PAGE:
African lion populations have been declining by an astonishing 43% from 1993 to 2018, according to IUCN research. That means that from 200,000 lions 25 years ago, only slightly over 22,000 remain in the wild across Africa today. The decrease in population is higher than any other species, including the rhino.
SAVE’s main objective is to implement a powerful program for exchanging ideas with communities that have lion conflict in order to promote peaceful coexistence for farmer and predators and any other problem wild animals in vicinity. We are committed to finding a solution, to ensure the African Lion will always have a place on this planet.


  • Education for conservation approach
    – Capacity building to farmers: Community education targeting focal people in the community to lead in the co-existence teaching in terms of developing posters, farmers workshops, demonstration kraals, spoor tracking and alerts. The trained escort guides/farmers are able to warn livestock farmers of approaching lions as well as train rangers to act as a rapid response team to avoid unfavorable incidents between lions and the local people- Environmental education at schools targeting grass root level teaching on Lions, spoor identification and co-existence topics, Lion games to compensate classroom learning.
  • Problem Lion collaring and release to the wild
    – Collaboration with the Department of Wildlife research team and Technical University of Munich, we shall relocate problem lions from farms in order to protect them from retaliation killing by farmers.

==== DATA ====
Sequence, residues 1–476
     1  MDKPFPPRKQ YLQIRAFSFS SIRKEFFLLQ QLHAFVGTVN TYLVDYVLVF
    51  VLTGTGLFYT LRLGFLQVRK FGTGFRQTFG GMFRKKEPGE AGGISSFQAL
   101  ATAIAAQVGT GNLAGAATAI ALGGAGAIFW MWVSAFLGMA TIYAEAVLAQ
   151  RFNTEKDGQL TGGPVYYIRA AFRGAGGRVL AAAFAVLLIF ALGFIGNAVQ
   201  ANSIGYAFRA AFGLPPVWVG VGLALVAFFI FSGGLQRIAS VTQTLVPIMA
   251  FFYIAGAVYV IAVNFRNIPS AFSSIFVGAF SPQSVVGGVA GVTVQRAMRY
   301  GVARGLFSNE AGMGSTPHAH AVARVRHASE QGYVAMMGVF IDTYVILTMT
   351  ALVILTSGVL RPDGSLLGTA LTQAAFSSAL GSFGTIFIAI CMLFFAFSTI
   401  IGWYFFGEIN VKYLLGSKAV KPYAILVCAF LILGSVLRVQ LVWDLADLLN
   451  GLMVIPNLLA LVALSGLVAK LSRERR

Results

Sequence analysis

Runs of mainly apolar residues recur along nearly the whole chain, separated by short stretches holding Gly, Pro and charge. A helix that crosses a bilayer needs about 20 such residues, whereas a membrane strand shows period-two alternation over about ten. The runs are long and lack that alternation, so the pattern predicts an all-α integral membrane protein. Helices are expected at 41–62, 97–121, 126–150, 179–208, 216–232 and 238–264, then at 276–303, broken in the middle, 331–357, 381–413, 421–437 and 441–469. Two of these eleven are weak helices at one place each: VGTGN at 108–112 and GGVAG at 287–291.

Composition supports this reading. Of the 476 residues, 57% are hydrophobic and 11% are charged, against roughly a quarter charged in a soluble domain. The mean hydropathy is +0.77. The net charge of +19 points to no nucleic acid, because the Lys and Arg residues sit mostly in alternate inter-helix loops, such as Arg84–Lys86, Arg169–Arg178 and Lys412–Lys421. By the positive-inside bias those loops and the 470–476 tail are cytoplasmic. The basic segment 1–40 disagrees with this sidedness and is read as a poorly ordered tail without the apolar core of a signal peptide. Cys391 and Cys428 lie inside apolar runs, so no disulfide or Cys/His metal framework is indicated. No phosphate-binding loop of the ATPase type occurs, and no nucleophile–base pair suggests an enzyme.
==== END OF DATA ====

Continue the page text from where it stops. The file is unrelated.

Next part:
– Monitoring of lions using satellite collars to enable a team of community escort guides to warn livestock farmers when the lions enter into or come close to their grazing lands. This monitoring will also enable the team to detect changes in the number of lions in the ecosystem, which will allow for adaptive management of their conservation program. Community sensitizing and awareness raising mobile workshops, mobile kraals and farmers training on alerts should be conducted.
    – This activity can be developed in to a research topic
  • Long-term conservation of a healthy and sustainable lion population in Botswana and the KAZA TFCA
    – Sharing of reports and partnership in Lion activities with all in the KAZA TFCA
  • Developing a mobile Lion sanctuary to take care of the injured Lions either by farmers or other wild animals.
  • Supporting the Department of Wildlife and National Parks ranger bases, radio network, equipment and operational costs, and monitoring infrastructure. This support will help keep lions and their prey safe from poaching. This means reestablishing effective management in parks and reserves is critical to the future of wildlife in the country.